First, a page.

Modifying Control Chart Sensitivity

August 1, 2011
4 min read

Control limits are typically set at +/- 3 standard deviations for the statistic being plotted. That‘s how traditional Shewhart control charts have been constructed for nearly a century. The result is a statistical tool that is simple and elegant, yet robust enough to tackle all manner of different situations and distributions of data.

Control limits and their widths are driven by the size of sigma. But they are also defined by how many standard deviations are specified. For example, if control limits are set at mean +/- 3 sigma, they are wider than when set at +/- 2 sigma. In essence, control chart sensitivity is defined by the width of the control limits.

In the upcoming release of ProFicient 4.4, users have the option of modifying control chart sensitivity to suit their particular situation. Just go to the Processing Option window of a control chart, click the Miscellaneous tab, and make changes to option D in the screen clip below:

Option D highlights the new Control Limit Confidence Interval feature. Not only is the +/- SD area able to be modified, but so can the confidence interval itself. As a bonus, when one is changed, the other updates. Therefore, if you want to have control limits set at +/- 2 standard deviations, the resultant confidence interval is 95.45%. Change the confidence interval to 90% and ProFicient communicates that the equivalent control limits will be set at +/- 1.645 standard deviations.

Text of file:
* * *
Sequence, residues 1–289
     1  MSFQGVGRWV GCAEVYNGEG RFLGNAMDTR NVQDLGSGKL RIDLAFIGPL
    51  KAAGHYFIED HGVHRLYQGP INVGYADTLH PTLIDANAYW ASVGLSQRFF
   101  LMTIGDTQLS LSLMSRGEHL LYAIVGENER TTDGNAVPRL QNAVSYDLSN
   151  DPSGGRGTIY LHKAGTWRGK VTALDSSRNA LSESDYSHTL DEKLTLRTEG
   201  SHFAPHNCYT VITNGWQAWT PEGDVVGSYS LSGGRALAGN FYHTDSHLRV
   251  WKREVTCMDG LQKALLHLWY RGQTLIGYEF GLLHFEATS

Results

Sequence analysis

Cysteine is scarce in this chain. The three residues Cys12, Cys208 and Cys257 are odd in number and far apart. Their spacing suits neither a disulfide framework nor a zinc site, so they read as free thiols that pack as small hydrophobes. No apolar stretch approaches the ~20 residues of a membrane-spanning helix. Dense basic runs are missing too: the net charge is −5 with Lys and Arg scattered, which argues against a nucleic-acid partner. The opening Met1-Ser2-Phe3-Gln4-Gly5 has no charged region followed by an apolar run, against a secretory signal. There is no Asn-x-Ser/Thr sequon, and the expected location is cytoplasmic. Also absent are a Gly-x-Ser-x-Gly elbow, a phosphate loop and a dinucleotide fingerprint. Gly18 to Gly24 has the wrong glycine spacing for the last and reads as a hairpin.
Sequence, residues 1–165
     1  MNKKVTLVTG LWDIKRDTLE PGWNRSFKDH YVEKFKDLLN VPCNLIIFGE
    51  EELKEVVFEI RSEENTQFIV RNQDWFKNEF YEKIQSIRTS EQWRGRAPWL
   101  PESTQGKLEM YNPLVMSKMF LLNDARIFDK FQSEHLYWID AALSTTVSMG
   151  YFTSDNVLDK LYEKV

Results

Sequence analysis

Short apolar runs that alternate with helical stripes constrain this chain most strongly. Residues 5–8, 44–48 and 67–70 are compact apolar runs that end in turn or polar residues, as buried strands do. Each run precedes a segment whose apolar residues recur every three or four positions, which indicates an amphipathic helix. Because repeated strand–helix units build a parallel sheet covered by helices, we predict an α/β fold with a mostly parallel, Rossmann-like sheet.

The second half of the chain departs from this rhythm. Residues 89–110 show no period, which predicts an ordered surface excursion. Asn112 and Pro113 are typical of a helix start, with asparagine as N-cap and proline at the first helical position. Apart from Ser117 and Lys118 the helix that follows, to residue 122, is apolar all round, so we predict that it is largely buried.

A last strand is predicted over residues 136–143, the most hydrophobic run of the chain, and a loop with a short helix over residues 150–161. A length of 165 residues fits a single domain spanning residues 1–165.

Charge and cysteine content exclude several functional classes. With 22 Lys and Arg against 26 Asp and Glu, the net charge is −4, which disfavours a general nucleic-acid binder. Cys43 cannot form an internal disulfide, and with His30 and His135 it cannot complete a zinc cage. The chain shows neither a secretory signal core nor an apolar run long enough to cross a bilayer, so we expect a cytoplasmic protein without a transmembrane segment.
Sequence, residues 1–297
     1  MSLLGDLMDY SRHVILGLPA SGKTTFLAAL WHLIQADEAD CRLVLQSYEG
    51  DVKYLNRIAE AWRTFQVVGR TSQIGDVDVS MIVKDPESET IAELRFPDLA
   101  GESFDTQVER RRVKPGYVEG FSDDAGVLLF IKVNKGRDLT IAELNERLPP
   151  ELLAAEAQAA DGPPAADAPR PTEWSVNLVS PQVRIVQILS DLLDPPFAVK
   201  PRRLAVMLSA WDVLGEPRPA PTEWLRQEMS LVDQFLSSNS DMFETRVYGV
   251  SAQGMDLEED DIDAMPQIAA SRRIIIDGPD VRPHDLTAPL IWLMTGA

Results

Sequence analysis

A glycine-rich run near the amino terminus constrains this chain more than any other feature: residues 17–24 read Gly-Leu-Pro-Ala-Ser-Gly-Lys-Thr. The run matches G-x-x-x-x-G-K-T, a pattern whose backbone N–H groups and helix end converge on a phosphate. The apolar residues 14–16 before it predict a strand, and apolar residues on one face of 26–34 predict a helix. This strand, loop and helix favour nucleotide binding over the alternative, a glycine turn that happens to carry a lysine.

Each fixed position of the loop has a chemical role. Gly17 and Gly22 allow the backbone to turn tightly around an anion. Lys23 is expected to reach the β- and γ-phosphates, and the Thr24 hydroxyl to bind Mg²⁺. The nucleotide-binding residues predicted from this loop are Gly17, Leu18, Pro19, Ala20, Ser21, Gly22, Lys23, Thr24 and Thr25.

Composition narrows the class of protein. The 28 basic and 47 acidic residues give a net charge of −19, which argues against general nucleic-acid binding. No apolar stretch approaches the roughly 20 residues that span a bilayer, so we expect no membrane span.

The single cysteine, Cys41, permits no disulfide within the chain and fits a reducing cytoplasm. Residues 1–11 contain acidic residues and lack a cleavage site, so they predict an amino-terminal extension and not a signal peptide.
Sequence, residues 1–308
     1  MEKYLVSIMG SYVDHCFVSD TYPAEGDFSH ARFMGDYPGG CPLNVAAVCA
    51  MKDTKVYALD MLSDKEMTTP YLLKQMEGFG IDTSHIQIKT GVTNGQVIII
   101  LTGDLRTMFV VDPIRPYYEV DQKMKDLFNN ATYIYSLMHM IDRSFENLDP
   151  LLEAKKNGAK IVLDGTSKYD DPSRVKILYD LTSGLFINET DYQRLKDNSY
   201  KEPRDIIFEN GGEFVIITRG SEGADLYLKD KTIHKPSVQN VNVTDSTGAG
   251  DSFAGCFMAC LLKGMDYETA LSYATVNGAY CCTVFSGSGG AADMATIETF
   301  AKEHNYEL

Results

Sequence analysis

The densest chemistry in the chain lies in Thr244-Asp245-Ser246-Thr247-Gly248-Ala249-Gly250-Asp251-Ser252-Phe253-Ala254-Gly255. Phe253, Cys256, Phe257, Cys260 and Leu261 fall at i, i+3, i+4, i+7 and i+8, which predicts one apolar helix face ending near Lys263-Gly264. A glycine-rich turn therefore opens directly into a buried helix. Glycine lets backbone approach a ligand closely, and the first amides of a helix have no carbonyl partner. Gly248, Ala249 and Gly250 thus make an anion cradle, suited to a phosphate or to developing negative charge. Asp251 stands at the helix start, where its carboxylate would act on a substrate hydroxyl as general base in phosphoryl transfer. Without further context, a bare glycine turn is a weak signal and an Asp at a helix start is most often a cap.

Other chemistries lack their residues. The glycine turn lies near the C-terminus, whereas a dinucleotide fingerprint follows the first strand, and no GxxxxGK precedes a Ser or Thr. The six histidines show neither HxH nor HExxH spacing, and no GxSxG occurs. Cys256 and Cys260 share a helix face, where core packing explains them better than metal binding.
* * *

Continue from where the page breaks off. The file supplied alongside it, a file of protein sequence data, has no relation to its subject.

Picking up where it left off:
Sigma limits highlighted in red

The IX-MR control chart found below has control limits set at +/- 3 standard deviations.

Sigma limits chart green

Change the Processing options such that the control limits are +/- 2 standard deviations from the overall mean, and the control limits fall closer to one another, increasing the sensitivity of the chart. The control limits change allowing alerts to be triggered based on the new confidence interval of 95.45%. 

Sigma limits chart yellow

Of course there is no “free lunch.” In the first control chart there were no alarms. In the one above there are three alarms. It’s the same data, yet each chart is interpreted differently. Why? 

Think about the +/- 3 sigma standard. Based on the standard normal distribution, control limits should be representative of 99.73% of a process’ “normal” state. Stated another way, it means that when a plot point violates a control limit, there is only a.27% chance (.135% above UCL and .135% below LCL) that it was not a statistically significant event. 

In the case of the control chart with +/- 2 sigma limits, there is a 4.55% chance that the alarm is simply a normal event, not a statistically significant one. So which is right? Which is wrong? Well, neither, actually. But they most certainly are different. 

What practitioners should instead be asking is, “Which one should I use to control my process?” The answer to this question is one that must be based upon the specific manufacturing situation. In a situation where costs or quality issues can quickly arise based on a small change in the overall mean, then making the control chart more sensitive is a wise choice. Or, consider the case where a quality engineer is uneasy applying an IX-MR control chart with traditional limits. This is a legitimate concern as IX-MR control charts do not have the luxury of plotting averages (and leveraging the benefits of the Central Limit Theorem) which make Xbar and Range charts inherently more sensitive than IX-MR charts. Therefore, there may be more than one good reason for modifying control chart sensitivity.

Regardless, know this: whenever control limits are modified to change sensitivity, there will always be a change in how the chart is interpreted. The bottom line is that these options are available in ProFicient 4.4, and they provide more flexibility, more power and more reason for uniquely creating control charts based on a company’s specific needs.